c. Do you see traits that you have in common with her?
I don’t feel at all feel a personal identification with her as a research subject, but I have great admiration for her perspicacity and persistence, especially given the challenges to women in her time.
d. Why did you choose to do historical research (rather than other types of research)?
While I have done a fair amount of social science research, I made up my mind early that my doctoral studies, and choice of dissertation, would be for my own interest and pleasure. Researching and writing about early professional women was a journey of discovery that kept me entranced as I learned about the lives of pioneering women. For most of a year, I took Fridays off work when I was an assistant dean of students at Mills College, and drove to Stanford for a day poking around the archives, which were very open and accessible to researchers at the time. Then, at the conclusion of my dissertation, I joined a group of independent women scholars and spent a year researching pioneering families in northern California from the mid-1800s. We read deeply in the family papers of the Bancroft Library at UC Berkeley and helped one another research aspects of pioneering life that interested each of us. I took on organized education, for example, and others pointed me to passages in the letters, diaries, and family papers they were researching and I did the same for them in their subjects of health care, the arts, etc. Although we never published the book from the family papers research that we envisioned, we spent a fruitful year reading, discussing, sharing, and learning together.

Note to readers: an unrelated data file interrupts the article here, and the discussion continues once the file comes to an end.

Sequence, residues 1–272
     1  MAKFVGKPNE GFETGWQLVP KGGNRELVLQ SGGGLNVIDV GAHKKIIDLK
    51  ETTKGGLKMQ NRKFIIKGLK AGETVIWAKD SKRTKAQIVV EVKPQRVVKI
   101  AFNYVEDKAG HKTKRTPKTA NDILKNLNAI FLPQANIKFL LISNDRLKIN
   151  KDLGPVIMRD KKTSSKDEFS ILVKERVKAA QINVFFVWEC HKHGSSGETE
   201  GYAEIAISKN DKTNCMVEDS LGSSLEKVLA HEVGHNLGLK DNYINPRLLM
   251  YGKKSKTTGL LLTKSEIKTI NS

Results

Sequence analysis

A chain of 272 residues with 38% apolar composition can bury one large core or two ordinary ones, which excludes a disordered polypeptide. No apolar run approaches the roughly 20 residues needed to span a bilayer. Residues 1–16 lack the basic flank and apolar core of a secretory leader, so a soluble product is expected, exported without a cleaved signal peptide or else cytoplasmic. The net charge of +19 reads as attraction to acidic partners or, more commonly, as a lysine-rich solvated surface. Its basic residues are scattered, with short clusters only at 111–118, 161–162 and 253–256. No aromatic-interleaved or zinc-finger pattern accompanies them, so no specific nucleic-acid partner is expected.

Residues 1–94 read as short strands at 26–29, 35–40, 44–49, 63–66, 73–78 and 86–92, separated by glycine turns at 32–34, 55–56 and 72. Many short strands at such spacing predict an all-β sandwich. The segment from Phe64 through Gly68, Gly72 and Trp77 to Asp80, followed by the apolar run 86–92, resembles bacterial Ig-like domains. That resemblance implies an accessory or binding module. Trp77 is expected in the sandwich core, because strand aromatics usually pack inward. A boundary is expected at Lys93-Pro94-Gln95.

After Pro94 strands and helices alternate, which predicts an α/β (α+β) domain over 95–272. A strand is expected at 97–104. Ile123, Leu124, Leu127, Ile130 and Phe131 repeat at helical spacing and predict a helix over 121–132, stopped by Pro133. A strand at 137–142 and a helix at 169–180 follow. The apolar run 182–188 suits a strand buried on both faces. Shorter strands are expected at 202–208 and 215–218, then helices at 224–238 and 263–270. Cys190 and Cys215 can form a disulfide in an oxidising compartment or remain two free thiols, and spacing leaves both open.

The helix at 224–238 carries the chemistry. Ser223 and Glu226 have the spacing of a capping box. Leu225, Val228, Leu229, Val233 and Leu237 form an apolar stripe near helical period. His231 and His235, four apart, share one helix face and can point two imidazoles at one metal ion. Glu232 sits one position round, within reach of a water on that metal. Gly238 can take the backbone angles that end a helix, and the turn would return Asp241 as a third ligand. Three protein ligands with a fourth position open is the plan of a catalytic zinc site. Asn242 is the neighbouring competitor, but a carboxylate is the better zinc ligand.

Describe your work with “Heal the Children.”